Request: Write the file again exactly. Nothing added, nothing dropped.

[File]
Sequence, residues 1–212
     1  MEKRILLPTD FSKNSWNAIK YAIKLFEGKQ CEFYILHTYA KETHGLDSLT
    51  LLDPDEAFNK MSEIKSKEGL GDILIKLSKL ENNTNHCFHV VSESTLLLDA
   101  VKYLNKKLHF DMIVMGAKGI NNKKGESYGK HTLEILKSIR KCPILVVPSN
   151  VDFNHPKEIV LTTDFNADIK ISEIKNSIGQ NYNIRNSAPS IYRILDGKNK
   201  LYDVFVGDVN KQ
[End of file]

Sequence, residues 1–212
     1  MEKRILLPTD FSKNSWNAIK YAIKLFEGKQ CEFYILHTYA KETHGLDSLT
    51  LLDPDEAFNK MSEIKSKEGL GDILIKLSKL ENNTNHCFHV VSESTLLLDA
   101  VKYLNKKLHF DMIVMGAKGI NNKKGESYGK HTLEILKSIR KCPILVVPSN
   151  VDFNHPKEIV LTTDFNADIK ISEIKNSIGQ NYNIRNSAPS IYRILDGKNK
   201  LYDVFVGDVN KQ